South Africa shows that being food self-sufficient is a far cry from being food secure when poverty is extensive, the majority of people suffer from the “quadruple burden of disease”1 , the economy is highly unequal, and when improving the quality of the public health infrastructure remains a major challenge despite successive governments’ efforts.
The major factors that undermine food security and health in South Africa are directly or indirectly due to the long history of social exclusion of black South Africans, the hallmark of the apartheid system for decades. Under apartheid, the dualistic agricultural system favored the minority, white farmers, who owned 86% of farmland, and who, by the 1990s, produced more than 90% of agriculture value added. Already by the late 1980s, South African agriculture produced more basic food commodities than all other countries of Southern African Development Community (SADC)2 combined: e.g., maize, wheat, sunflower, and sugar (World Bank, 1994). In contrast, the Homelands into which the blacks were crowded, are poverty-stricken: the subsistence-oriented farmers earn less than 5% of the national wage rate (Hérault et al, 2009). The legacy of apartheid still largely shapes economic opportunities in South Africa, despite successive ANC governments’ efforts to reverse the discrimination.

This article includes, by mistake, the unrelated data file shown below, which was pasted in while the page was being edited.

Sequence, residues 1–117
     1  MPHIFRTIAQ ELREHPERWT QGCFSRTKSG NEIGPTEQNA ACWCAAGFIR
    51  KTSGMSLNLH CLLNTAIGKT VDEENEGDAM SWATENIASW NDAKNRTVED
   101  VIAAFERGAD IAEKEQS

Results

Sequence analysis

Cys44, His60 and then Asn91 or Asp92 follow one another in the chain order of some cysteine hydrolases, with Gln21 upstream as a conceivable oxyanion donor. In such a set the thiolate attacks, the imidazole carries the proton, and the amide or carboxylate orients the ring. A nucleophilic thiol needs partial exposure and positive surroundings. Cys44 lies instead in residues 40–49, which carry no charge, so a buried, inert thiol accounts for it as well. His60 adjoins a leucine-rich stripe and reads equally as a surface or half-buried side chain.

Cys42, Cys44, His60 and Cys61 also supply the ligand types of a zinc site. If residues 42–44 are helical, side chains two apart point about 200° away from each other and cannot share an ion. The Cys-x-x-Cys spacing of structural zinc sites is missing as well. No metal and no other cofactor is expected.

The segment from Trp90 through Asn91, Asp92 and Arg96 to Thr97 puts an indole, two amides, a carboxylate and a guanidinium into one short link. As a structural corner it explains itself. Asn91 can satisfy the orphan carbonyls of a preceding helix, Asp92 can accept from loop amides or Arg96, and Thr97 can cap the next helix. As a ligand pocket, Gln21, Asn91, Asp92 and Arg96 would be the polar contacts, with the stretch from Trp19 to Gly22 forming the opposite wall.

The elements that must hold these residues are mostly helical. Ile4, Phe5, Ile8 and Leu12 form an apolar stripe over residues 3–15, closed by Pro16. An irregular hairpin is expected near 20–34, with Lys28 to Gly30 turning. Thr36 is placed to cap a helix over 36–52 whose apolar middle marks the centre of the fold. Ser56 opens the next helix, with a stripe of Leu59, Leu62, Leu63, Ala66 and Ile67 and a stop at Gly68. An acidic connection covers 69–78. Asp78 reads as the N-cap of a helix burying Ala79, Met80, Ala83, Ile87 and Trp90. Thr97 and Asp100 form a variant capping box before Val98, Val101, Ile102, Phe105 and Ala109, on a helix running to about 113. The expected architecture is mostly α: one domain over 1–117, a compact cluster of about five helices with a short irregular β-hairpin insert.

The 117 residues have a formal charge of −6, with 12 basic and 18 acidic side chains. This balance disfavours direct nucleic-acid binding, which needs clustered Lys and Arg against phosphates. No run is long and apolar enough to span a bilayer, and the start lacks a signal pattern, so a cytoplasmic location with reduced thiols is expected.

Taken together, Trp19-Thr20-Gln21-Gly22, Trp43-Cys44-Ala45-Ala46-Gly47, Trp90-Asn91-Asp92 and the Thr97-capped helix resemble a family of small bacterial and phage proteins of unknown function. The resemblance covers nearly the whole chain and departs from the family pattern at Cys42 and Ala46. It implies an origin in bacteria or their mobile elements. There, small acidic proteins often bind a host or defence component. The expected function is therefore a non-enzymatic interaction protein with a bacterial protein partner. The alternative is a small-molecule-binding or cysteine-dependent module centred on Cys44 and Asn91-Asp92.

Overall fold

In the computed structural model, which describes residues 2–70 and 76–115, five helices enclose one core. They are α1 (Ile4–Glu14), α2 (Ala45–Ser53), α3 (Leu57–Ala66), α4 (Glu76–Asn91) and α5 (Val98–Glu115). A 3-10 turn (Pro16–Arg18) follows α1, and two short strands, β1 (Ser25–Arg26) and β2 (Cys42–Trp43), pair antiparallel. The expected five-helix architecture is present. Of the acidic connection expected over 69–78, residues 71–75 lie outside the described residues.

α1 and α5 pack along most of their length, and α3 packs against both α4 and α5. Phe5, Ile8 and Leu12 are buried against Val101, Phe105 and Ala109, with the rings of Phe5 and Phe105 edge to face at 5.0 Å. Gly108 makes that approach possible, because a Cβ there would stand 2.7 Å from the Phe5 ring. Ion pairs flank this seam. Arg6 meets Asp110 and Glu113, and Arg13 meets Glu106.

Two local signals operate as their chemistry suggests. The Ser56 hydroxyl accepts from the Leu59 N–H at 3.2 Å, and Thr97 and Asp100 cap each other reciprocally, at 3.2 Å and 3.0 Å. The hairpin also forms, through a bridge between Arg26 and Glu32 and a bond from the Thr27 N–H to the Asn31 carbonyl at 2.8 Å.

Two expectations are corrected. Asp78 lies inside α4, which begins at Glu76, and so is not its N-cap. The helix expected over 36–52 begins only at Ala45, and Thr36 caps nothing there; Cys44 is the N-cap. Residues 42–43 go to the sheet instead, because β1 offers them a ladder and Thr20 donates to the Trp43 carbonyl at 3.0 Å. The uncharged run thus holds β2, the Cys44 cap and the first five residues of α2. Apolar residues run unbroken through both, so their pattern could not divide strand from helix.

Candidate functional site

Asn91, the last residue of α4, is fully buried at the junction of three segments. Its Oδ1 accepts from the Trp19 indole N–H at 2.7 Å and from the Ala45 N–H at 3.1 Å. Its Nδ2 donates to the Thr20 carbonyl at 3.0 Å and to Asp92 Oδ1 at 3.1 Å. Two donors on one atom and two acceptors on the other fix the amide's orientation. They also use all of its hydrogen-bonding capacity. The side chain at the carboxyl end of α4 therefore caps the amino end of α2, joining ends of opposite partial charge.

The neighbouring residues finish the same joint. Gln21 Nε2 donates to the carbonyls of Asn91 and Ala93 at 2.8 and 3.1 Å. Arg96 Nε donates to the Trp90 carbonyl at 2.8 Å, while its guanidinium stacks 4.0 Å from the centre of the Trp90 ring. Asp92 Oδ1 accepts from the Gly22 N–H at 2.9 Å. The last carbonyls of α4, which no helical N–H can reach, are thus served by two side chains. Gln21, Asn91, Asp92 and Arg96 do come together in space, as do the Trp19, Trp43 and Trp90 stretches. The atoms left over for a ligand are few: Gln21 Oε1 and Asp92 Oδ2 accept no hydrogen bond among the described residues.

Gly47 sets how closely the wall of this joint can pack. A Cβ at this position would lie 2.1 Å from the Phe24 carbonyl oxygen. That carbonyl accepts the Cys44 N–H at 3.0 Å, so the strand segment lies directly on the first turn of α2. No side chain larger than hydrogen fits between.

Add to this the daunting challenge of climate change and a bimodal health system which condemns the majority to sub-standard health care, and you have close to a ‘perfect storm’.
Once again, South Africa, like the rest of the world, is being taught an old lesson. According to Snowden (2019), the wisdom that saved human societies in the past has to be brought to the front and center of government. As the ancients put it: “salus populi, suprema lex esto”, that is: public health must be the highest law, and all else follows from it (Adams, 2020). Realizing that pandemic preparedness is essential for survival and resilience makes achieving food security even more complex.